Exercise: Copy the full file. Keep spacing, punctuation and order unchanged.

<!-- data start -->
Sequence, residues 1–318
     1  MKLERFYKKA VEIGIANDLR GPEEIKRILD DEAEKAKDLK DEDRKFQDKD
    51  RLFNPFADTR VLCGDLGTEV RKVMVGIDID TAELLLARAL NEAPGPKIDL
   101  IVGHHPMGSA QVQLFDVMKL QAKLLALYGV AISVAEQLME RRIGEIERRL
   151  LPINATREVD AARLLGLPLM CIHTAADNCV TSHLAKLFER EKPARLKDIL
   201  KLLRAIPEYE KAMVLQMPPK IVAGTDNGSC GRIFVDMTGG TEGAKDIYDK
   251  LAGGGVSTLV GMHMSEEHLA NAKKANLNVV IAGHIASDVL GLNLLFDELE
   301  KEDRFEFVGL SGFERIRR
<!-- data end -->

Sequence, residues 1–318
     1  MKLERFYKKA VEIGIANDLR GPEEIKRILD DEAEKAKDLK DEDRKFQDKD
    51  RLFNPFADTR VLCGDLGTEV RKVMVGIDID TAELLLARAL NEAPGPKIDL
   101  IVGHHPMGSA QVQLFDVMKL QAKLLALYGV AISVAEQLME RRIGEIERRL
   151  LPINATREVD AARLLGLPLM CIHTAADNCV TSHLAKLFER EKPARLKDIL
   201  KLLRAIPEYE KAMVLQMPPK IVAGTDNGSC GRIFVDMTGG TEGAKDIYDK
   251  LAGGGVSTLV GMHMSEEHLA NAKKANLNVV IAGHIASDVL GLNLLFDELE
   301  KEDRFEFVGL SGFERIRR